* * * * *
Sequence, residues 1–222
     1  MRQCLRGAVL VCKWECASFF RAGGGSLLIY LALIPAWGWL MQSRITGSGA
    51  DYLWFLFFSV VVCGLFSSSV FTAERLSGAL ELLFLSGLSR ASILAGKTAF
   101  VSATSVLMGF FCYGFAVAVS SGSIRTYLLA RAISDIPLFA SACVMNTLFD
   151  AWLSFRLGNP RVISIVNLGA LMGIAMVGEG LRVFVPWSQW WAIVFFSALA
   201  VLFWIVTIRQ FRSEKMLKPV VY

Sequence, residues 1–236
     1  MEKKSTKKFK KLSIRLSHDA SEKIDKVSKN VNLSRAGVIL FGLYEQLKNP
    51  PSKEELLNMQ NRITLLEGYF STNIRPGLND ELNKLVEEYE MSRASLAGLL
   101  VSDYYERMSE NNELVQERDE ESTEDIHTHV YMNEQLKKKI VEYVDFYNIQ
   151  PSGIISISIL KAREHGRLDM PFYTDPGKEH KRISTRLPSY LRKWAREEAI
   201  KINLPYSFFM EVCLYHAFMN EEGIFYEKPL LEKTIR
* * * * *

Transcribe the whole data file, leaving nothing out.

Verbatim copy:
Sequence, residues 1–222
     1  MRQCLRGAVL VCKWECASFF RAGGGSLLIY LALIPAWGWL MQSRITGSGA
    51  DYLWFLFFSV VVCGLFSSSV FTAERLSGAL ELLFLSGLSR ASILAGKTAF
   101  VSATSVLMGF FCYGFAVAVS SGSIRTYLLA RAISDIPLFA SACVMNTLFD
   151  AWLSFRLGNP RVISIVNLGA LMGIAMVGEG LRVFVPWSQW WAIVFFSALA
   201  VLFWIVTIRQ FRSEKMLKPV VY

Sequence, residues 1–236
     1  MEKKSTKKFK KLSIRLSHDA SEKIDKVSKN VNLSRAGVIL FGLYEQLKNP
    51  PSKEELLNMQ NRITLLEGYF STNIRPGLND ELNKLVEEYE MSRASLAGLL
   101  VSDYYERMSE NNELVQERDE ESTEDIHTHV YMNEQLKKKI VEYVDFYNIQ
   151  PSGIISISIL KAREHGRLDM PFYTDPGKEH KRISTRLPSY LRKWAREEAI
   201  KINLPYSFFM EVCLYHAFMN EEGIFYEKPL LEKTIR